Published in The Ferndale Record, February 23, 2011
The game of Scrabble has deep roots in my family of origin. Whenever we all came together, my four older siblings played for hours leaving me out because I was too young. I hated that it took so long and that apparently, I lacked the required intellect or life experience to participate.
When I was 8-years-old my oldest brother, who thought I was adorable, took pity on me and during one of their Scrabble marathons told me that I must spell the word “dictionary” before I got a seat at the table.
That night while they played, I studied until I had it right. When I proudly spelled it for everyone in the room, they were generous—I got a shot. And while I was out of my league, I’d officially joined the club.
The brother who made me a player was a classic Scrabble con artist, playing words that even as a child I knew weren’t real. But he persisted. His plays were almost always challenged, and often he lost a turn because of his bold behavior, trying to snag the rest of us in his lies.
My favorite word he played was “retux.” When it was loudly and laughably contested, he argued that it meant a man took off his tuxedo and put it on again—thus, he was “retuxing.” The dictionary proved, of course, it wasn’t a word, but I loved that he tried to get away with it.
Recently, I’ve been playing Scrabble online with my other brother. Known for his gaming prowess, he’d be a formidable opponent, I thought. It took me awhile to discern that online playing is an entirely different species than the board game. On the Web, anything goes.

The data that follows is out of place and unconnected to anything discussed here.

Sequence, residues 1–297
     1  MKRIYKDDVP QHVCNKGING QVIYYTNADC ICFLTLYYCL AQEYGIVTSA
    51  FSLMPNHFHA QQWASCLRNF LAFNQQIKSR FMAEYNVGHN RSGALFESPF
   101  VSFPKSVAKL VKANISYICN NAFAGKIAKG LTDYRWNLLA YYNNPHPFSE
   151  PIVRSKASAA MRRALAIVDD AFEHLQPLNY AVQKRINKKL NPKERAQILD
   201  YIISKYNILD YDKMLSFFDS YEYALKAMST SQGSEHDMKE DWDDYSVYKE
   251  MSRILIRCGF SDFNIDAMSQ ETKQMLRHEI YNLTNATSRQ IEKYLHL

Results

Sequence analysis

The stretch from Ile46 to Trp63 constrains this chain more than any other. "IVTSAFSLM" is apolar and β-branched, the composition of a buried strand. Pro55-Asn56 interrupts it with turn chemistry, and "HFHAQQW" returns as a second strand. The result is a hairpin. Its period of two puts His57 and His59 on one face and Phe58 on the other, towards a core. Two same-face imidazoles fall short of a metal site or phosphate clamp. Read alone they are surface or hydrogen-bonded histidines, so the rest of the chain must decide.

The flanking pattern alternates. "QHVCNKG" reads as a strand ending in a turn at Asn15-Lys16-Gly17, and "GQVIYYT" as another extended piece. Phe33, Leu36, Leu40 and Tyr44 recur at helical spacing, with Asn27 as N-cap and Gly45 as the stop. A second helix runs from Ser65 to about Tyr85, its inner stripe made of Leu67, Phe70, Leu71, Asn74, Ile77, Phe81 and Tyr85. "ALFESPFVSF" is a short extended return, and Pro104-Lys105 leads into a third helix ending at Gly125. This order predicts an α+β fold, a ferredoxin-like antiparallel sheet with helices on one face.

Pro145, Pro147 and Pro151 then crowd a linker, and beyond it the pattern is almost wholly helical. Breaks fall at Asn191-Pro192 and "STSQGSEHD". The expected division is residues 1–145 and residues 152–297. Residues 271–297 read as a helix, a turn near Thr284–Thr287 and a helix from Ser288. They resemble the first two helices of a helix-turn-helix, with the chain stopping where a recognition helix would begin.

There’s no argument about a play because the game won’t allow invalid words. So, I was on my own to come up with brilliant moves worth points that would leave my brother in awe of how well his little sister had learned to play Scrabble. After all, I’m a word person. How hard could it be?
Now, my brother is a smart guy, but I began to suspect he wasn’t finding words like “dialytic,” “sabaton,” and “aboiteau,” stored in the recesses of his memory.
However, I decided to take the high road. Online Scrabble cheats weren’t for me. Nope. I was going to play fair and come out the winner—until last week. When I saw there wasn’t a way for me to compete with the number of Bingos (when one uses all seven letters dealt, earning very high scores) he was producing, I goaded him into telling me his secret.
I chose to fight fire with fire, and within the past week I’ve laid down a few exquisite plays of my own. With a little research on a Web site built exclusively for Scrabble users, I found that “azonal,” “levanted,” and “doolee” are all perfectly acceptable words, and as a result I’ve racked up more wins in a couple of days than I had all last month.
I’m oddly competitive. It’s like flipping a switch. The usually easy-going me morphs into a feral carnivore circling prey. Now that I’m armed with a level playing field, I must, no—I WILL win. It’s a side of myself I’m unfamiliar with, but I like it.
My brother, a stellar competitor, also happens to be a nice person. When I win, my comments are “BOOYAH!” and “Who’s Your Daddy?” His are “Good Job, Suzie” and “Way To Go.”
I guess if we’re both using outside help and winning games, the least I can do is be a gracious winner. Maybe I’ll try that next week.
For now, I’ll enjoy rolling around in my small victories. I like sitting with the grownups and winning a few.